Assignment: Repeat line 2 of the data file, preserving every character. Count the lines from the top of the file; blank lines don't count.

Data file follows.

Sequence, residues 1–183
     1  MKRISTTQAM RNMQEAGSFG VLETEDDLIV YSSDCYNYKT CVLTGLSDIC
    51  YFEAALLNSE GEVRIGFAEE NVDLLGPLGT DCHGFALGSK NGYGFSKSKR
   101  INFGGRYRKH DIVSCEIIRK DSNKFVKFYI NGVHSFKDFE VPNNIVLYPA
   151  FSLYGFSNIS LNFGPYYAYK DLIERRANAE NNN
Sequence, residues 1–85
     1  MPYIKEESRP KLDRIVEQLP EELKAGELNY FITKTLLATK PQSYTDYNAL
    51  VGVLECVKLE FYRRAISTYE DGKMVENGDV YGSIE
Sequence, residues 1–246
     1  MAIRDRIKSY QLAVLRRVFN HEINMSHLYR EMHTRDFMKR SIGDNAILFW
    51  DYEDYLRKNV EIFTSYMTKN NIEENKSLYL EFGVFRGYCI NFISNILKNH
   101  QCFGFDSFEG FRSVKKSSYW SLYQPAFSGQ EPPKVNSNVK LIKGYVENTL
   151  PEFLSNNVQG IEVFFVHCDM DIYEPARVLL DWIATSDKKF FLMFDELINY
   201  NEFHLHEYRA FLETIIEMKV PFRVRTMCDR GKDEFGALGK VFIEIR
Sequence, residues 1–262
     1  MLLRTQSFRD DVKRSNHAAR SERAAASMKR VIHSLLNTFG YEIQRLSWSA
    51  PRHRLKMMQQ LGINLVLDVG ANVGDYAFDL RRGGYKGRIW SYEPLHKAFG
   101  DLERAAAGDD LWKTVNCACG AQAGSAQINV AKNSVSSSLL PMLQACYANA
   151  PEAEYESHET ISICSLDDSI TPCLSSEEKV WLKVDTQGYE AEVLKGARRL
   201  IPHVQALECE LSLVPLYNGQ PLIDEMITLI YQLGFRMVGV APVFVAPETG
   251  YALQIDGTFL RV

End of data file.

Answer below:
     1  MKRISTTQAM RNMQEAGSFG VLETEDDLIV YSSDCYNYKT CVLTGLSDIC